Brain Skull
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Chrysanthemum
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Passion Skull
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Patriot Bouquet
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Gold Sovereign

55cm H x 45cm W

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Queen and Country Gold

55cm H x 45cm W

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Queen and Country Silver

55cm H x 45cm W

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Silver Sovereign

55cm H x 45cm W

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David Beckham
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Marie Helvin
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Nicky Haslam
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Pierce Brosnan
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Sam Taylor-Woods
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Fool for Love

85cm H x 70cm W

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Forbidden Stitch

85cm H x 70cm W

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Suffer for Beauty

85cm H x 70cm W

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Tangled Love

 

17 Flocked Antlers on White Perspex 6ft*6ft

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Time Bleeds

TIME BLEEDS GROUP SHOW SASSOON ROOM, FOLKESTONE
September 29th —November 7th 2014

A group show with Viola Films, Helen And Colin David, Matt Rowe, Simon Pruciak.

The film Time Bleeds is directed by Samuel Supple and produced by Debra McGee of Viola Films.

“What happens if we forget?” The seaside town of Folkestone, Kent, UK was the gateway to the war for over eight million troops.

Time Bleeds Film

To complement the Time Bleeds film, and work by artists Matt Rowe and Simon Pruciak, Helen David and Colin David have created several pieces.

These works continue the key concerns in their practice with themes that question the sense of identity: nationality, migration, folklore, mythology and the cycle of life and death.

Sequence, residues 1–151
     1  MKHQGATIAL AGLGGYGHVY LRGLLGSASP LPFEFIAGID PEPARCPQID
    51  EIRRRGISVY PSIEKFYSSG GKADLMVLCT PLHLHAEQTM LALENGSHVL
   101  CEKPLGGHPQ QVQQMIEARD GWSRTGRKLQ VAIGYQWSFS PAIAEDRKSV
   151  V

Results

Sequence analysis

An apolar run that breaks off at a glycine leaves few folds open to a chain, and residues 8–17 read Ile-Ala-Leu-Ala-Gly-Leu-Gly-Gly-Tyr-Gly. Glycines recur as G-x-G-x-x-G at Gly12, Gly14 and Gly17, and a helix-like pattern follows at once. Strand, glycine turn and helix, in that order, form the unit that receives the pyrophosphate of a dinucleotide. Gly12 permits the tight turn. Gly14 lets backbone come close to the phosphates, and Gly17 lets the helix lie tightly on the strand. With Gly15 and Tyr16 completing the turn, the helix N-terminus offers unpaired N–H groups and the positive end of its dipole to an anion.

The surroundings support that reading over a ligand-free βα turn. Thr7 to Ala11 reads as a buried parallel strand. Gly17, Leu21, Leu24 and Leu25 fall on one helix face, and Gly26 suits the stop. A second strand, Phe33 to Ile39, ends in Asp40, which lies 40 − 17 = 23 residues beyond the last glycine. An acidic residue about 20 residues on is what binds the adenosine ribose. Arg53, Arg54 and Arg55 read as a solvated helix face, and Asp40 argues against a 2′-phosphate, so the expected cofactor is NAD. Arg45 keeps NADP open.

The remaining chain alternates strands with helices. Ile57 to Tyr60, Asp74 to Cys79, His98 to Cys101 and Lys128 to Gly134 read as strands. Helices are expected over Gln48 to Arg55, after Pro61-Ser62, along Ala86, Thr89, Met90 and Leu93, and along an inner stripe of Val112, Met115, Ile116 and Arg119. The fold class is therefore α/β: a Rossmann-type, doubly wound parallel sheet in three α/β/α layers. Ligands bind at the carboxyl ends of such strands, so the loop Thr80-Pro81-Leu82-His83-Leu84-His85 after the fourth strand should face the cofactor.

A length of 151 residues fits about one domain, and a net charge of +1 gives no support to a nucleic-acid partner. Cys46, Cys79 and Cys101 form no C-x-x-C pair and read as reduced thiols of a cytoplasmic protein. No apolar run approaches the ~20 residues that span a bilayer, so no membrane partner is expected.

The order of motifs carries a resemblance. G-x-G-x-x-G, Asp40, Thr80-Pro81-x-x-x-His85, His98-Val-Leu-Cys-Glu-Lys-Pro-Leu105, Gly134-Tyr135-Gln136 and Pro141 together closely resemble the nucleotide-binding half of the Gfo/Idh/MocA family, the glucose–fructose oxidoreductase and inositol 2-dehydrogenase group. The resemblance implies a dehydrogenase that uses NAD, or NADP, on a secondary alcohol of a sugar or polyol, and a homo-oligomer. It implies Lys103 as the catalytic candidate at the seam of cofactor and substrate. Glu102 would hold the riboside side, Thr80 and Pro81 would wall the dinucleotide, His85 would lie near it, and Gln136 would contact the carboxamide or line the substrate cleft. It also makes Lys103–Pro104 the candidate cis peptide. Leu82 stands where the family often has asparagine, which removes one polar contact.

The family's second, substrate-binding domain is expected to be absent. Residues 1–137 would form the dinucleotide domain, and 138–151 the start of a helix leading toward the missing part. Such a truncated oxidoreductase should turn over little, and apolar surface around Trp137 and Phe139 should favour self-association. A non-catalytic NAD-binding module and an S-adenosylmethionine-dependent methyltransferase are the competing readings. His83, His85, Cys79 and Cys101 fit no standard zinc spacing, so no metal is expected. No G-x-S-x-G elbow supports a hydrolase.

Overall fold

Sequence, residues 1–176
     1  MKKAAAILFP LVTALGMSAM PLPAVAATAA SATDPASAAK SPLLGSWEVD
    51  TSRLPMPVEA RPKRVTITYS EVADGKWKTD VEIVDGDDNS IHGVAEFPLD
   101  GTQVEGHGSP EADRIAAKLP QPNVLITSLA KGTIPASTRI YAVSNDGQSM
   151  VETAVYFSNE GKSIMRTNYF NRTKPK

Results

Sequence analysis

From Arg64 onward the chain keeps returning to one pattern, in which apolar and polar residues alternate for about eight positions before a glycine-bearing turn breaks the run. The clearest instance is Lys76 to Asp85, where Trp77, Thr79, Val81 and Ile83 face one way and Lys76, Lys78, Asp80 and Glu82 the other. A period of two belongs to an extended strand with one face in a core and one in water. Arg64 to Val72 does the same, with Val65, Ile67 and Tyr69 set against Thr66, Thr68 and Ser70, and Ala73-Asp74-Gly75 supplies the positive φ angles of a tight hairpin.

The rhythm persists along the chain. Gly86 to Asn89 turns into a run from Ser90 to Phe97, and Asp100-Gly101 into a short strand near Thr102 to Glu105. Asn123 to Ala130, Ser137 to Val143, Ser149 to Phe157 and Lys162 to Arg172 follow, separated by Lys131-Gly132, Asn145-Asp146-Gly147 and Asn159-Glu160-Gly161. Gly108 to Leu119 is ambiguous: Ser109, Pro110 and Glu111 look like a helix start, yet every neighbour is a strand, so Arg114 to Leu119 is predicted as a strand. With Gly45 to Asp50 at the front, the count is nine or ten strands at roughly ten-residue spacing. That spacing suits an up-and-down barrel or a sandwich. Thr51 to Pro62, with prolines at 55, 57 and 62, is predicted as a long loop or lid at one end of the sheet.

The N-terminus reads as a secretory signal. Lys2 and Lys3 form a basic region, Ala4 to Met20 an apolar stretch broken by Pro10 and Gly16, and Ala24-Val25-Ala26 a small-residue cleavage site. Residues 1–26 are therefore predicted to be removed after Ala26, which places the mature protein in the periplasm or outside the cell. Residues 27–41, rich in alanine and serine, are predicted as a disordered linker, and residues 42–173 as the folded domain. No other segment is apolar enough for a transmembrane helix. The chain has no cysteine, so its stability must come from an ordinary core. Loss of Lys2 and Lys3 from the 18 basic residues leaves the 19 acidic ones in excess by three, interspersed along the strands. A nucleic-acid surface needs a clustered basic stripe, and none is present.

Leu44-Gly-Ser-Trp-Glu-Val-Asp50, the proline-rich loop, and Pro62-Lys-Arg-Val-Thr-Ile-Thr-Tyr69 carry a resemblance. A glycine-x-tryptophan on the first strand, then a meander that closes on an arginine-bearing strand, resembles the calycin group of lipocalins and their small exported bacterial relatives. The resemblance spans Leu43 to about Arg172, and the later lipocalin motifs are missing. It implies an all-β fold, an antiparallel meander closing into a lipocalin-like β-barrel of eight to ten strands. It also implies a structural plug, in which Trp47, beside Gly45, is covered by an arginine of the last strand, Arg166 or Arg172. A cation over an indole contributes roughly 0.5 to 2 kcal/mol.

This piece and the following images were in Time Bleeds, a group show at Folkestone Library October/November 2014.

 

And Still You Whisper Of The War [foreground] and Memento Mori  Billboard [detail]

Helen and Colin David

Cotton, textile dyes 26 m x 22 cm

The title of this piece, by Helen and Colin David, is a quote from the war poet, Siegfried Sassoon. Bunting is part of Folkestone’s vernacular. It is a festive, popular British seaside decoration. Subverting bunting’s usual purpose, this piece is comprised of 101 triangles, one for each year from 1914 to 2014. Based on information about British military history, found in Wikipedia, [and intentionally not researched further] the red triangles represent years when Britain was at war and the white triangles years when Britain was at peace.

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And Still You Whisper Of The War [detail]

Helen and Colin David

Cotton, textile dyes 26 m x 22 cm

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Pro Patria Mori

Pro Patria Mori and And Still You Whisper Of The War [foreground]

With Ghillie works by Matt Rowe

Colin and Helen David

Cast foam, flocking. 2 m diameter x 60 cm

The title of this piece, meaning To Die For One’s Country, is from the Wilfred Owen poem, Dulce et Decorum Est.